Fierce Invalids Home from Hot Climates [Audiobook]
27 February 2013, 08:20
Bantam Doubleday Dell Audio | 2000 | ASIN: B00005454C | M4B | 16 hrs 47 mins | 471.79MB
The fierce invalid in Tom Robbins's seventh novel is a philosophical, hedonistic U.S. operative very loosely inspired by a friend of the author. "Sex, drugs, and rock 'n' roll are enormously popular in the CIA," claims Switters. "Not with all the agents in the field, but with the good ones, the brightest and the best." Switters isn't really an invalid, but during his first mission (to set free his ornery grandma's parrot, Sailor, in the Amazon jungle), he gets zapped by a spell cast by a "misshapen shaman" of the Kandakandero tribe named End of Time. The shaman is reminiscent of Carlos Castaneda's giggly guru, but his head is pyramid-shaped. In return for a mind-bending trip into cosmic truth--"the Hallways of Always"--Switters must not let his foot touch the earth, or he'll die.
Not that a little death threat can slow him down. Switters simply hops into a wheelchair and rolls off to further footloose adventures, occasionally switching to stilts. For a Robbins hero, to be just a bit high, not earthbound, facilitates enlightenment. He bops from Peru to Seattle, where he's beguiled by the Art Girls of the Pike Place Market and his 16-year-old stepsister, and then off to Syria, where he falls in with a pack of renegade nuns bearing names like Mustang Sally and Domino Thirry. Will Switters see Domino tumble and solve the mystery of the Virgin Mary? Can the nuns convince the Pope to favor birth control--to "zonk the zygotic zillions and mitigate the multitudinous milt" and "wrest free from a woman's shoulders the boa of spermatozoa?" Can the author ever resist a shameless pun or a mutant metaphor?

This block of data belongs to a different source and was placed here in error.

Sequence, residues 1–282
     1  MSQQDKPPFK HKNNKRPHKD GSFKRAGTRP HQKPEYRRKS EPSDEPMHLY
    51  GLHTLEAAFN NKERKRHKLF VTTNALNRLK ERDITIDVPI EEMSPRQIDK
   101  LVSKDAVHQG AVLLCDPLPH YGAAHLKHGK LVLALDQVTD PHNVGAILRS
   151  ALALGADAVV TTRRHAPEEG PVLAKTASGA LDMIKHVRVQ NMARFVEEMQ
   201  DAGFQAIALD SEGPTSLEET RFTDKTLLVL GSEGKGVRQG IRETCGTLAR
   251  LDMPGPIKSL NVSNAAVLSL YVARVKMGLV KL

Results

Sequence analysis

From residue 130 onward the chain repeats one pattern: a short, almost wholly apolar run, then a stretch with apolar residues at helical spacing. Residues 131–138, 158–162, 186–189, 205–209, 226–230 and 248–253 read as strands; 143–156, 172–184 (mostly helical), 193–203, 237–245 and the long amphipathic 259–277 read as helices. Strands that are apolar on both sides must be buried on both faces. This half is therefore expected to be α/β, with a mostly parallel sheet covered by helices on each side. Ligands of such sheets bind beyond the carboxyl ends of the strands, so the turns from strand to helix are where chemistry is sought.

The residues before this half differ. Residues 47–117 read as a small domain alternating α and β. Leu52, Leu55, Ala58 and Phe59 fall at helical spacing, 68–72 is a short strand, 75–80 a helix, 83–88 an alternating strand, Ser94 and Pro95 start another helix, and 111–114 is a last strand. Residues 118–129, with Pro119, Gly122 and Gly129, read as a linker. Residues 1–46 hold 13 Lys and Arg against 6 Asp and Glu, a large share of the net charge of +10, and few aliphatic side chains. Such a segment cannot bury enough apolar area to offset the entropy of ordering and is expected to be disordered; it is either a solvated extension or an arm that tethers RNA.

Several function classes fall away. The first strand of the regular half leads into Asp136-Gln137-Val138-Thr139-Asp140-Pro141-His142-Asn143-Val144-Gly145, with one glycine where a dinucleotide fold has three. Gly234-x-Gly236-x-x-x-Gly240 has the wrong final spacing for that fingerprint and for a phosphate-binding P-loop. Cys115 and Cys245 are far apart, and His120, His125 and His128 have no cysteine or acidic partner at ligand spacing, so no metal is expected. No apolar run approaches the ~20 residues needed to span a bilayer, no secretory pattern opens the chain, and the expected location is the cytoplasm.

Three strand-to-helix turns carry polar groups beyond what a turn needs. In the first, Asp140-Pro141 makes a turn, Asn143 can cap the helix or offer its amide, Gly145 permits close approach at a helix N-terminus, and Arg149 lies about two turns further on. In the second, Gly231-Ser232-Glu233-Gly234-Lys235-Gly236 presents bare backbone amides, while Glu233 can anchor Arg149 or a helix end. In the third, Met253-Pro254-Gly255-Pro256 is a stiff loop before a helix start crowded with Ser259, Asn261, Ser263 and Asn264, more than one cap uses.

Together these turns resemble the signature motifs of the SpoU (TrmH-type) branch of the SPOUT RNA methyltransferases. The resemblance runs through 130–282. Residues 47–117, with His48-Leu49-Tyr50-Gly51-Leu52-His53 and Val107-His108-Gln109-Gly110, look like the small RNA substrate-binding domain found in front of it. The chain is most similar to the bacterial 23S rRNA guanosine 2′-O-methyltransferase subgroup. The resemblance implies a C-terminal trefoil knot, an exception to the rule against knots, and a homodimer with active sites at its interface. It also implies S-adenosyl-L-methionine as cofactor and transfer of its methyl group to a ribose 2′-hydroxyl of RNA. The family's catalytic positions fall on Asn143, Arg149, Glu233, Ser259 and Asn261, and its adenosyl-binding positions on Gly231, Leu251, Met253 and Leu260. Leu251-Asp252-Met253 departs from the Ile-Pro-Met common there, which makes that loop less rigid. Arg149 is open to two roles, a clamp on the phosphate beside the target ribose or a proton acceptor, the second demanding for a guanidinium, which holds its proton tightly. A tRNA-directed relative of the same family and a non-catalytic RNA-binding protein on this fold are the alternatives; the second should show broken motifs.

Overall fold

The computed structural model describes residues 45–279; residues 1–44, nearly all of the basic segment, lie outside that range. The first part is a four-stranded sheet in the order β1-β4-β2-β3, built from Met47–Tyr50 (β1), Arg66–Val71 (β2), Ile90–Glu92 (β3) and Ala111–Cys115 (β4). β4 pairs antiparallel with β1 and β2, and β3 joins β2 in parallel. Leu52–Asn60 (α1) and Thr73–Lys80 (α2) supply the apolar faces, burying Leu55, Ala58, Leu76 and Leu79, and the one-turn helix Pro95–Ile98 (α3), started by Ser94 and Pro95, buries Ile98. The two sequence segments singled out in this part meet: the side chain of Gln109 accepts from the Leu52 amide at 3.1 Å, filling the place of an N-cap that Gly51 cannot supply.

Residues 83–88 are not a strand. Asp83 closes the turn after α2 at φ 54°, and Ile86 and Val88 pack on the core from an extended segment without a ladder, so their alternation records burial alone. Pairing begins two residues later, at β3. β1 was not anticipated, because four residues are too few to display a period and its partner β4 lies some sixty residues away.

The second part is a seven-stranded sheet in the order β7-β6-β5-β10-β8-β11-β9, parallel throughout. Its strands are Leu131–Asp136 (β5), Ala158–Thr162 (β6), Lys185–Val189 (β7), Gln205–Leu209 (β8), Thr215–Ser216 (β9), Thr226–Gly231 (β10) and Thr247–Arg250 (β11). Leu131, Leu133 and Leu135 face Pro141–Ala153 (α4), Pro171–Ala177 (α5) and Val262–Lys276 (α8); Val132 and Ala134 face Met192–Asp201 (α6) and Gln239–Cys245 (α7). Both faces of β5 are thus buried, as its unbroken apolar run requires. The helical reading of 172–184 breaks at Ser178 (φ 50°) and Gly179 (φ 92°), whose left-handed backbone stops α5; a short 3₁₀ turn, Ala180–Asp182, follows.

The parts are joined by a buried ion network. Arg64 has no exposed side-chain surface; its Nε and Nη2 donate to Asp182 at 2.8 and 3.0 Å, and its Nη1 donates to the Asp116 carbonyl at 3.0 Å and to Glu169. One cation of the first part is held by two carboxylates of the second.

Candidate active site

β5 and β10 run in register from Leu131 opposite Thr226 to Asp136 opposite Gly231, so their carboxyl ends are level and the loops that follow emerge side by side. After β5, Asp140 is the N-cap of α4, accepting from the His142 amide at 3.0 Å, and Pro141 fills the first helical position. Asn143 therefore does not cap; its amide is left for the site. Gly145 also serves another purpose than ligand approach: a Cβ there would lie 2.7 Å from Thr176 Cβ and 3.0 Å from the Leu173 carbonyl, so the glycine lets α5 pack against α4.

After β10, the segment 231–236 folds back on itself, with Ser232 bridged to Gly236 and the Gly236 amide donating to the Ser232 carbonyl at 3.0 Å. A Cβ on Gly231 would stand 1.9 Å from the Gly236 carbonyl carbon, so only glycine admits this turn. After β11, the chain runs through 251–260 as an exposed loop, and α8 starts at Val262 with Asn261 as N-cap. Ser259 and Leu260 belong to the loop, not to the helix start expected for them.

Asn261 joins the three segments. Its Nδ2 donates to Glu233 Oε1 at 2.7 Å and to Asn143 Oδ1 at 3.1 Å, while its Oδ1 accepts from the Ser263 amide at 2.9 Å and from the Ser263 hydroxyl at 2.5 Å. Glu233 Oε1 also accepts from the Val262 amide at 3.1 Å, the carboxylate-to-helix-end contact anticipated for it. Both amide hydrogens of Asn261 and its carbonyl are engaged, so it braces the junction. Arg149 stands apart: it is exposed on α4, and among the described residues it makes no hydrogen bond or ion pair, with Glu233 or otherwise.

The tangly plot is almost beside the point. Switters is a colorful undercover agent, and a Robbins novel is really a colorful undercover essay celebrating sex and innocence, drugs and a firm wariness of anything that tries to rewire the mind, and Broadway tunes, especially "Send in the Clowns." Some readers will be intensely offended by Switters's yen for youth and idiosyncratic views on vice. But fans will feel that extremism in the pursuit of serious fun is virtue incarnate. Fierce Invalids Home from Hot Climates is classic Tom Robbins: all smiles, similes, and subversion. --Tim Appelo
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